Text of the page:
The Supreme Court struck down a Texas law that limited access to abortions on Thursday, handing abortion-rights advocates a major victory.
While the decision directly affects only Texas, dozens of other states that have enacted similar laws will likely feel the effects.
The case, Whole Woman’s Health v. Hellerstedt, found that the law — which purported to make abortions safer — placed an “undue burden” on women seeking an abortion. According to the Supreme Court’s 1992 ruling in Planned Parenthood v. Casey, laws designed to limit abortion cannot pose a “serious obstacle” to women seeking the procedure.
The law in question, House Bill 2 or HB2, required abortion clinics to meet the structural standards of “ambulatory surgical centres” or low-risk surgery facilities. It also mandated that abortion doctors have admitting privileges with a hospital no more than 30 miles from the clinic.
The high court decided that the restrictions introduced by HB2 did, in fact, constitute an undue burden. The law had already prompted the closing of 20 Texas clinics and would have caused at least 10 more to close if upheld — leaving some rural women hundreds of miles away from a clinic.
“Now we know that the laws violate the constitutional rights of women to access abortion services,” Law professor at the UCLA School of Law Douglas NeJaime said. “Laws in similar states are not going to be able to be enforced, and that will mean that there will be more abortion providers that will stay open and women will have more access.”
Even now, dozens of states have laws with restrictions like HB2’s, according to the Guttmacher Institute.
In its decision, the Supreme Court argued that women seeking abortions experienced no viable improvements to their health and safety under the new laws. Now, other states will have to work a lot harder to show that their restrictions actually do protect the health and safety of women.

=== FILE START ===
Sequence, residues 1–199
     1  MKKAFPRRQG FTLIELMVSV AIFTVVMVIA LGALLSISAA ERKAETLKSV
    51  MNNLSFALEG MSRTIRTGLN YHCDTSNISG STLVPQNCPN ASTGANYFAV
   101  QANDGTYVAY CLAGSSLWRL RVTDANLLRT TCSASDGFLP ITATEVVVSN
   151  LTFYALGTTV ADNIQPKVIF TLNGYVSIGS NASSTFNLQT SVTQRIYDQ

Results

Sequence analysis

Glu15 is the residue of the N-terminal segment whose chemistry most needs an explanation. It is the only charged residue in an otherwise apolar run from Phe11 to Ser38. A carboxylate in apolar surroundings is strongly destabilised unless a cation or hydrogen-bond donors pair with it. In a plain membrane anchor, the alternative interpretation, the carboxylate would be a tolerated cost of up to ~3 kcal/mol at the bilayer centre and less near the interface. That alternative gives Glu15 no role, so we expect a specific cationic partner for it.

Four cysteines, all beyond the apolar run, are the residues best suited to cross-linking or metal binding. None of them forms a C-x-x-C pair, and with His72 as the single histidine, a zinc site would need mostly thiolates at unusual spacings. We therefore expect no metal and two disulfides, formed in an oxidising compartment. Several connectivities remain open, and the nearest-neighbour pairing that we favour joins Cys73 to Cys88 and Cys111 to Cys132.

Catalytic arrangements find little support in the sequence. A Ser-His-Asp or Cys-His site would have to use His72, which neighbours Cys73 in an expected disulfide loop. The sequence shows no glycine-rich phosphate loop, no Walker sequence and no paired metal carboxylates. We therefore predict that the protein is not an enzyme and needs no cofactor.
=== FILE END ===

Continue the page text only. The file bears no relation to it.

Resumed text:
“I think it’s clear that courts are going to scrutinize those justifications very closely to make sure they aren’t just thinly veiled attempts to restrict abortion,” said Elizabeth Wydra, the president of the Constitutional Accountability Center, a think tank and law firm. “It makes clear that having a right, but not having the ability to exercise that right, is not enough.”
But the battle is far from over. NeJaime explained two main categories of laws limit access to abortions — ones that aim to protect the safety of the woman and those that aim to protect the life of the foetus.
Thursday’s ruling only applies to the first type, which leaves lots of room to pass laws that limit abortions in other ways. In the meantime, however, abortion will become more easily accessible for thousands of women.
“If they had been allowed to continue with regulations like Texas’, abortion providers would have been put out of business,” Law professor at Texas A&M School of Law Lynne Rambo said. “It’s not as though we have that many people going into the business as it is.”
The decision comes as the debate over abortion is as fierce as ever — it’s a major issue in the 2016 presidential election, and positions have ranged from Hillary Clinton’s vow to protect abortion rights to Donald Trump’s suggestion that women who have abortions should be criminally prosecuted.
And following the release of several undercover videos by an anti-abortion group last year, Republicans in Congress have been pushing to defund Planned Parenthood, the nation’s largest abortion provider.
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